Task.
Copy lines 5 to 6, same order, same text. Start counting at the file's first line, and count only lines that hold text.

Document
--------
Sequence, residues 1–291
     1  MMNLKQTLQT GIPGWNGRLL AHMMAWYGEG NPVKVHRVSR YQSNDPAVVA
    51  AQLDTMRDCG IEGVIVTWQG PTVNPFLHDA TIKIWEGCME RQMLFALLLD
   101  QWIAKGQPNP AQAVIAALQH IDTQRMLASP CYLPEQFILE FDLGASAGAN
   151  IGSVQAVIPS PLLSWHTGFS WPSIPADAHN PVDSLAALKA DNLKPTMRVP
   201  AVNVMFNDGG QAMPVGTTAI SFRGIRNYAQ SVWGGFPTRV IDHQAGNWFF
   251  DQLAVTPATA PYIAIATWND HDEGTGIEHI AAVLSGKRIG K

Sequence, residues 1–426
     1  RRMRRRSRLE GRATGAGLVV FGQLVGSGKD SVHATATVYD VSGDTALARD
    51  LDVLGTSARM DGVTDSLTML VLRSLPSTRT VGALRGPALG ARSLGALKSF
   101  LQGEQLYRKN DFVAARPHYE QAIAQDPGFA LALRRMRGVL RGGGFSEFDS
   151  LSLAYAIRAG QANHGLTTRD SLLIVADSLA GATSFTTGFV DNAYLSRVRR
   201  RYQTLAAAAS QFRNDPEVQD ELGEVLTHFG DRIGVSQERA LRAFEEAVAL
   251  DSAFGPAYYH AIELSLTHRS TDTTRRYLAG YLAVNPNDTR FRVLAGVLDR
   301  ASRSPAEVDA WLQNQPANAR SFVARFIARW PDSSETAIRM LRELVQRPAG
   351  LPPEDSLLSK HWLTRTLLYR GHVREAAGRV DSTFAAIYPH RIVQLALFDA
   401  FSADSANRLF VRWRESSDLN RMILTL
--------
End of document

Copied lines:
   151  IGSVQAVIPS PLLSWHTGFS WPSIPADAHN PVDSLAALKA DNLKPTMRVP
   201  AVNVMFNDGG QAMPVGTTAI SFRGIRNYAQ SVWGGFPTRV IDHQAGNWFF